5 Countries On The Naughty List For Dirty Energy
We’re making a list, we’re checking it twice…
No, this list isn’t about whose wish will be fulfilled on December 25th. Instead, it’s a snapshot of energy policies from some of the most prominent and successful countries in the world.
Nations making it into the “nice” category are those who have seen the dangerous cost of their fossil fuel addictions and who are taking significant steps to power their economies with renewable energy instead. Nations making it into the “naughty” category are those who have refused to take action to support a shift to renewables or who have allowed political gridlock to slow progress that has been demanded by the people.
Using a 2012 report and ranking created by the Natural Resources Defense Council, we’re spotlighting five countries whose dirty energy policies are making the world a darker, more dangerous place for us all. In order to be fair to developing nations who have far fewer resources to dedicate to renewable energy production (and who also produce less pollution) this list is restricted to countries who are part of the Group of Twenty Finance Ministers and Central Bank Governors (also known as the G20). As of 2010, these countries accounted for approximately 80 percent of the total electricity produced in the world. “As a group they are critical in shaping renewable energy trends,” states the NRDC, “as it is these countries where most of the current and future energy demands are occurring.”
Got your lumps of coal ready? Okay, here are the five stockings that deserve them:
1. South Africa
Currently, South Africa gets 0.0 percent of its electricity from renewable sources. Despite a government 1998 white paper [PDF] calling for the electricity system to be restructured, South Africa has taken almost no action to move its power generation away from fossil fuels. Eskom, the state-owned generator, currently provides about 95 percent of the country’s electricity, some 91% of which comes from coal-fired power stations, according to Forbes. The utility accounts for more than 50 percent of South Africa’s carbon dioxide (CO2) emissions, which are set to increase in the medium term. Although in 2009 the government announced that it was formulating a new plan for South Africa’s power generation, that plan was still dominated by coal and nuclear.
2. Saudi Arabia
Earning the 19th spot out of 20 nations in the NRDC report, Saudi Arabia produced almost zero energy from renewable sources in 2011. Of course, this is hardly surprising when one considers that Saudi Arabia is drowning in money made by selling its oil to the rest of the world. Still, we can’t be too hard on Saudi Arabia considering the government recently announced a plan to be powered entirely by renewable fuels within the next few decades. It’s obviously a ploy to make as much money as possible off oil exports, but at least it’s a cleaner ploy.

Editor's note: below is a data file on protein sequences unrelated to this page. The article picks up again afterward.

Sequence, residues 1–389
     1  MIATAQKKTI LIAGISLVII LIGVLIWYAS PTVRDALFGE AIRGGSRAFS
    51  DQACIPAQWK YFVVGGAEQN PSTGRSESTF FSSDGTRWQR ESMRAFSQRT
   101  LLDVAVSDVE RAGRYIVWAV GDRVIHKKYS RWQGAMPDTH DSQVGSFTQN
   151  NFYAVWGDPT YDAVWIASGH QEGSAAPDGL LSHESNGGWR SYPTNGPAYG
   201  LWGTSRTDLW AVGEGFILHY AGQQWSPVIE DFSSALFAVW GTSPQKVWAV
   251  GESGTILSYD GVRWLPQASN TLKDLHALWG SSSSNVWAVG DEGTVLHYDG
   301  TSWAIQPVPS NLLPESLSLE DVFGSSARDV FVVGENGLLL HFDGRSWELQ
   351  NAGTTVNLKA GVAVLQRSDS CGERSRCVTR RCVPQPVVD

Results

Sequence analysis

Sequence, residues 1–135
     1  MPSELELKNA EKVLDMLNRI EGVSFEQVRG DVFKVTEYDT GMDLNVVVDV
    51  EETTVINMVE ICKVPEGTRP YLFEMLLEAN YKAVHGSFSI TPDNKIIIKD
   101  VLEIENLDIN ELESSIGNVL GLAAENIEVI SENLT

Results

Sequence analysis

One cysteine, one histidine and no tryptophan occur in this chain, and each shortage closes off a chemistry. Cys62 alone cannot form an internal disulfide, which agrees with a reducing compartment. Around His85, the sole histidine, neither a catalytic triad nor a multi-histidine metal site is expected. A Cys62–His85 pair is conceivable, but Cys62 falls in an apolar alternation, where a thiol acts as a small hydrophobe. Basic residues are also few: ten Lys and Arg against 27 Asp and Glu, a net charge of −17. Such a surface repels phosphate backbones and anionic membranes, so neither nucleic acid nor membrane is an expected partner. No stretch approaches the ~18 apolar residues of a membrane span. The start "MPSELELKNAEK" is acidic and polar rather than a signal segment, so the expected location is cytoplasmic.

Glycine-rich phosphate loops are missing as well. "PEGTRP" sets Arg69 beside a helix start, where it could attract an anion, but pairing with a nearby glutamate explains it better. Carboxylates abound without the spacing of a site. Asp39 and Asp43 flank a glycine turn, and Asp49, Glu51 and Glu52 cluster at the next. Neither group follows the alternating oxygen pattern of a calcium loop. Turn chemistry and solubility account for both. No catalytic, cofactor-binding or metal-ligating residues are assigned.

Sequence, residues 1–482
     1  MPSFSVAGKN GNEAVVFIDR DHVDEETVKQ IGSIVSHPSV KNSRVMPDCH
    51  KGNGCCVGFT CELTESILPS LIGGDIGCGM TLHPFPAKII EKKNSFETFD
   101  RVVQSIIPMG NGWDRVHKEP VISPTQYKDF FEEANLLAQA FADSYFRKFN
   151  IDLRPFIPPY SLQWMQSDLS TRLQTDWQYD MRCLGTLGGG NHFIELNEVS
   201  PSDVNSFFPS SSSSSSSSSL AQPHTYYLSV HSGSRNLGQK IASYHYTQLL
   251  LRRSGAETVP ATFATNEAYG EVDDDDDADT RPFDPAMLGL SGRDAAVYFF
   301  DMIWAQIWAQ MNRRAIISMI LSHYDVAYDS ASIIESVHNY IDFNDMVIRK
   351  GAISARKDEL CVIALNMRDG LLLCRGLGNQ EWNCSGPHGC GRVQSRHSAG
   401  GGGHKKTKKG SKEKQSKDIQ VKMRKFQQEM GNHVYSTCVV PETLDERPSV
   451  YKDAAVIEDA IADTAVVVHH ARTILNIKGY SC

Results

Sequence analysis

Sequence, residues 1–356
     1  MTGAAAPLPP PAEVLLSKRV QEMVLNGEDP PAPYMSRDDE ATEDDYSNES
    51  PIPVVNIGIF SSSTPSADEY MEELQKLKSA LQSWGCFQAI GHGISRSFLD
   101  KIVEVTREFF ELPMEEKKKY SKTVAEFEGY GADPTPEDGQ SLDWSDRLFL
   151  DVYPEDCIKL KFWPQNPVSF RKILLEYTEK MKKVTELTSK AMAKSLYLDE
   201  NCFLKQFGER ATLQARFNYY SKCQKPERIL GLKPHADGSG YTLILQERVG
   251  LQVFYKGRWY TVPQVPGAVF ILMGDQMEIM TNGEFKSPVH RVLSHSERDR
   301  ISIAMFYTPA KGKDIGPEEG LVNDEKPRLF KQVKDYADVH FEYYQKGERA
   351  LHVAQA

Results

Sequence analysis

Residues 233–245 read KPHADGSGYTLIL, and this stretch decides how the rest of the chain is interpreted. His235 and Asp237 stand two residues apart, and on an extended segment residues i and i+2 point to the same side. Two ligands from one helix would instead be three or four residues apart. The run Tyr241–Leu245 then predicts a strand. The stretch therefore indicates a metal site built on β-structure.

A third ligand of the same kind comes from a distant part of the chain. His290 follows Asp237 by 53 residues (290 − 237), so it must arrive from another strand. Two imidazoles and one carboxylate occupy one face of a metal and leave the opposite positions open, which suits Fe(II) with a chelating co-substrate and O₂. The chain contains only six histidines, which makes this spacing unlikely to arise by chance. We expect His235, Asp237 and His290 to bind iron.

This South American nation generates a mere 60 million kWh of electricity from clean sources. Argentina’s power mix primarily comprises natural gas (over 50%) and hydropower (around 40%). Argentina’s dependence on gas is of concern given the country’s own natural gas reserves have reduced considerably over the last five years. The country has vast potential to produce energy from wind and solar, but only recently has the government moved to incentivize these industries.
Since 2007, Russia has been exploring the possibility of expanding its oil and gas drilling operations inside the limits of the Continental Shelf, which puts the Arctic Ocean at risk.In July 2008, Russia’s president signed a law allowing the government to allocate strategic oil and gas deposits on the continental shelf without an auction procedure. In February 2011, Russia signed a deal with China, stating that in return for $25 billion in Chinese loans to Russian oil companies, Russia will supply China with large quantities of crude oil via new pipelines for the next 20 years.
Brazil is the 10th largest energy consumer in the world and the largest in South America. It’s also a major oil and gas producer in the region and the world’s second largest ethanol fuel producer. In 2004, Brazil produced 5.4 million tons of coal, while coal consumption reached 21.9 million tonnes. Almost all of Brazil’s coal output is steam coal, of which about 85 percent is consumed by electrical power stations. Despite a glut of sunshine, the total installed photovoltaic power capacity in Brazil is estimated to be between 12 and 15 MWp, which is less than 0.01 percent of the energy in Brazil.
Dishonorable Mention: United States of America
When compared solely on kWh of energy produced from renewable sources, it’s not hard to see why the United States fared pretty well on the NRDC’s list. In 2011, the U.S. produced over 111 billion kWhs of energy from wind, solar, geothermal and tidal power operations. But when you examine that number in light of total energy consumed, and how much of that total still comes from coal, gas, and nuclear energy, it’s far from enough. According to the U.S. Energy Information Administration (EIA), fossil fuels are used to meet around 82 percent of U.S. energy demand.
Despite facing the so-called “fiscal cliff“, few in the U.S. government have even broached the topic of rolling back subsidies for the fossil fuel industry. Taxpayers for Common Sense, a nonpartisan government watchdog, estimates that oil companies will receive $78 billion in industry-specific and broader business subsidies from 2012 to 2017. These unnecessary subsidies take money directly away from hard-working Americans just to pad the fossil fuel industry’s coffers. The big-five corporations piled up profits of more than $1 trillion between 2001 and 2011. ExxonMobil alone raked in $16 billion in profits in April, May, and June of this year, the highest-ever quarterly profit for a U.S. corporation.
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